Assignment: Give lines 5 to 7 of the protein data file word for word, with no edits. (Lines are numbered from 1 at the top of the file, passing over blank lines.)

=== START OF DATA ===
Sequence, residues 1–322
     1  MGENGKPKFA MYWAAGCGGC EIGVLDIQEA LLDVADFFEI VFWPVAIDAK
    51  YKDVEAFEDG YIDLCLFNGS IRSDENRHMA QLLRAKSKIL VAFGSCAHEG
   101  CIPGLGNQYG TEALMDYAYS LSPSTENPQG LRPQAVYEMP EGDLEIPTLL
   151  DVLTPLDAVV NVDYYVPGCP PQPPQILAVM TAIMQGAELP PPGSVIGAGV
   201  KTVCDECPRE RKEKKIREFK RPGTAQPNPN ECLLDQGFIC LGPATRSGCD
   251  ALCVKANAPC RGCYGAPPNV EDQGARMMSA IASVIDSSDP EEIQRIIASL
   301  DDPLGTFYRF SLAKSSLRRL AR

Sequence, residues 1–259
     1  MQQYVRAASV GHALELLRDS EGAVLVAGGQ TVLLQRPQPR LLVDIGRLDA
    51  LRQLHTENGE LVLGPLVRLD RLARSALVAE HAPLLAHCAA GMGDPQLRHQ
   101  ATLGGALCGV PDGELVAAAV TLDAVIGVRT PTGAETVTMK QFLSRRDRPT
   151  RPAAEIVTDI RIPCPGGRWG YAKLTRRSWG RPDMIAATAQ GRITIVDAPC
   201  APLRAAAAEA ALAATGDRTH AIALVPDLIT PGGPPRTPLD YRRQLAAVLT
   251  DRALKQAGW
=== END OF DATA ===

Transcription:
   151  DVLTPLDAVV NVDYYVPGCP PQPPQILAVM TAIMQGAELP PPGSVIGAGV
   201  KTVCDECPRE RKEKKIREFK RPGTAQPNPN ECLLDQGFIC LGPATRSGCD
   251  ALCVKANAPC RGCYGAPPNV EDQGARMMSA IASVIDSSDP EEIQRIIASL